Professor emeritus White passes away

Jefferson White, emeritus professor of philosophy at the University of Maine, passed away at his home in Westwood, Massachusetts, on March 24, 2022, at the age of 92, after a brief illness.

White retired from the university in 2010 after half a century of teaching and research in philosophy. 

After receiving a B.A. at Baylor University in Latin, Greek and English, and M.A. and Ph.D. degrees from Yale University, White joined the Philosophy Department at Clark University in 1961, where he later served as department chair and dean of the college, until 1972, when he was hired to chair the Philosophy Department at UMaine, a role he took on twice in his career, promoting collegiality, pluralism and diversity. 

Until his retirement, White taught a wide range of courses in the philosophy curriculum, including methods of reasoning, aesthetics, epistemology, philosophy of mind, philosophy of language and philosophy of law. Excellence in undergraduate teaching was at the heart of White’s career, and many hundreds of students benefited from his careful and attentive mentoring, and the example of his integrity, his careful erudition and his dedication to living the philosophical life.

He identified himself as an analytic philosopher, but was curious about other approaches, and was well versed in the history of philosophy and theology. His early research focused on idealism, and he served as associate editor of “Idealistic Studies.” In the late 1970s, after a sabbatical at Yale Law School, he turned his attention to the philosophy of law, contributing essays to the “Blackwell Companion to the Philosophy of Law and Legal Theory” (1996) and “The Law in America: 1607–1861” (1989).  He co-authored, with Dennis Patterson, “Introduction to the Philosophy of Law: Readings and Cases” (Oxford University Press, 1999). But his philosophical interests remained broad, evidenced by the many book reviews he wrote on topics outside the philosophy of law.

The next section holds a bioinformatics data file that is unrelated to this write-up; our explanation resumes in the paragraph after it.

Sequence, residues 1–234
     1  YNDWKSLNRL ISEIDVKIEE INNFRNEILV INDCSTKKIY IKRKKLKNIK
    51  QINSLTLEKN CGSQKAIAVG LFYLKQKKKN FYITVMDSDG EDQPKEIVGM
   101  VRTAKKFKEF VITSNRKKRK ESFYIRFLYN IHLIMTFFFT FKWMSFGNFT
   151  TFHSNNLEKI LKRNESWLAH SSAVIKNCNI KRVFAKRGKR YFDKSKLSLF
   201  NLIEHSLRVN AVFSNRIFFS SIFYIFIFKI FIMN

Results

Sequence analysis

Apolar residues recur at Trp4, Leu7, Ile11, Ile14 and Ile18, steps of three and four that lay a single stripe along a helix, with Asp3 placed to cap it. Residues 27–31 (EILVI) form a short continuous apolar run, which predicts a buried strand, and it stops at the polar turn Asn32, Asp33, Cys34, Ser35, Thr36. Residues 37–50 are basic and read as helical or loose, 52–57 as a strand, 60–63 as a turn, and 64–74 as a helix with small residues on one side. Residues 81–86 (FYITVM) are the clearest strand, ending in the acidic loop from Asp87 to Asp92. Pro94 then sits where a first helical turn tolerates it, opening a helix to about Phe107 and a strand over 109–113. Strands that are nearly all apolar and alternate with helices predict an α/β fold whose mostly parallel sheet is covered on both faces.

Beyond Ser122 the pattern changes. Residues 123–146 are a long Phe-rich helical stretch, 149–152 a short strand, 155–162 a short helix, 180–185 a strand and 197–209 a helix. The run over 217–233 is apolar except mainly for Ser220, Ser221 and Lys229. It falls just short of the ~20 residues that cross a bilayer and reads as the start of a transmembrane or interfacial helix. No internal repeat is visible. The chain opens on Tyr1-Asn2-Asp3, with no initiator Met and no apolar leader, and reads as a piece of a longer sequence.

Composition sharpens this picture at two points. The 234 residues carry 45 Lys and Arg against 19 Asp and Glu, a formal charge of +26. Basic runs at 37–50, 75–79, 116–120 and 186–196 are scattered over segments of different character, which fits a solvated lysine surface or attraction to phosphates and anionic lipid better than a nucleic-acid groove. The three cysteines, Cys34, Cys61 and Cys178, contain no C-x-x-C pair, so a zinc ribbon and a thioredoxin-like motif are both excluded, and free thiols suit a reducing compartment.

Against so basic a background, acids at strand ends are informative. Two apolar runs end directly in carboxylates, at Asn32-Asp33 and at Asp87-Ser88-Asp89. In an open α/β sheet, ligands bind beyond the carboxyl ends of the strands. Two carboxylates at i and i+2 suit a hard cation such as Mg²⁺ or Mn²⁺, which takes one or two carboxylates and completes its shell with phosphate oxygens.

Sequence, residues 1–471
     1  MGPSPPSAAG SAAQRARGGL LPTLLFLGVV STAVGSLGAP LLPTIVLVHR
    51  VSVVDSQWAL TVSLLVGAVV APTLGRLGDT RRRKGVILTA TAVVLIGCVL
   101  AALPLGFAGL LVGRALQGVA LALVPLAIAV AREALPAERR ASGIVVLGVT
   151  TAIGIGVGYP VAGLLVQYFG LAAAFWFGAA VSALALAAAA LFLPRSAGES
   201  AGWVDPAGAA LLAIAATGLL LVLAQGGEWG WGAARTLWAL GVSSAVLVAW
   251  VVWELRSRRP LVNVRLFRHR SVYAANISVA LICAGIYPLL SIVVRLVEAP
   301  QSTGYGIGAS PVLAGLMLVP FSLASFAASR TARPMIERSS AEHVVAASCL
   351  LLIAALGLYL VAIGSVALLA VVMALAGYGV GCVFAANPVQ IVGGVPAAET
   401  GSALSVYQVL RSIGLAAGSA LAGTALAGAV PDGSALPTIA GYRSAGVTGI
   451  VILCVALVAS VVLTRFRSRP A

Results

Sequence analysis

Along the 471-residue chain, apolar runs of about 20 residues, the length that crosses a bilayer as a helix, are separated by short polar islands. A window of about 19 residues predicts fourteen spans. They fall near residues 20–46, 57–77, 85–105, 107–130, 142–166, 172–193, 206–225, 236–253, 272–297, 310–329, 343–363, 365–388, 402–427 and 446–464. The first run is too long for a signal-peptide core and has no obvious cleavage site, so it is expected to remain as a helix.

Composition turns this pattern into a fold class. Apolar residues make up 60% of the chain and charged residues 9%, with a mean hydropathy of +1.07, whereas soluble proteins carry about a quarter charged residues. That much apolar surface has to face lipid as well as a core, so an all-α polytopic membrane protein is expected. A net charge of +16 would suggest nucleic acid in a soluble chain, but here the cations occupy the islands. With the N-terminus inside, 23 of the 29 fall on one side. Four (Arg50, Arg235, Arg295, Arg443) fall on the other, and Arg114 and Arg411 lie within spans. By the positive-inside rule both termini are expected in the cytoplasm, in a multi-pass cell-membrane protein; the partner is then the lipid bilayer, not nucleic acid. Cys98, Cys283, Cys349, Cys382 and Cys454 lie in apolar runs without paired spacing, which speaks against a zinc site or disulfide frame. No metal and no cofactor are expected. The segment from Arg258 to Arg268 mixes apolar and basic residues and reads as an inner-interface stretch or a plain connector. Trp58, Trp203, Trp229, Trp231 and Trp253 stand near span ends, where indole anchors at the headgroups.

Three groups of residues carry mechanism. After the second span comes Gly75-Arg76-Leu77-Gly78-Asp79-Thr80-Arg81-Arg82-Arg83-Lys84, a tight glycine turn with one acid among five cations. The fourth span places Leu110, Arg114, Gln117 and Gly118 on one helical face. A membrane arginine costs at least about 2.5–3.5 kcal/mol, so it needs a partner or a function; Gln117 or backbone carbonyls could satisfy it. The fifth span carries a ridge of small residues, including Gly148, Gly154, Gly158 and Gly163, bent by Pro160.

White served the university and the state as a member of the Faculty Senate, a faculty representative to the Board of Trustees, and a member of the Ethics Committee of Maine’s Supreme Judicial Court. Moreover, he was a multisided and multitalented individual, a jazz trumpeter, and connoisseur of the fine arts, particularly music, painting, dance and literature. 

He was predeceased by his wife, Mary White, and is survived by their two sons, Geoffrey and Byron.  

At the University of Maine, White will be remembered as a great colleague and friend. Ever curious and supportive, he would regularly make the rounds of the offices in the department, for conversations about the state of one’s research or teaching, or how one’s family was doing. He frequently hosted philosophy faculty colloquia at his home, was dedicated to ongoing philosophical discourse among the faculty and students and was instrumental in promoting the department’s Visiting Scholar Program, Colloquium Series, and several annual student awards. He will be missed, but his legacy lives on in the institutional culture of UMaine’s Philosophy Department and in the hearts of those who knew him.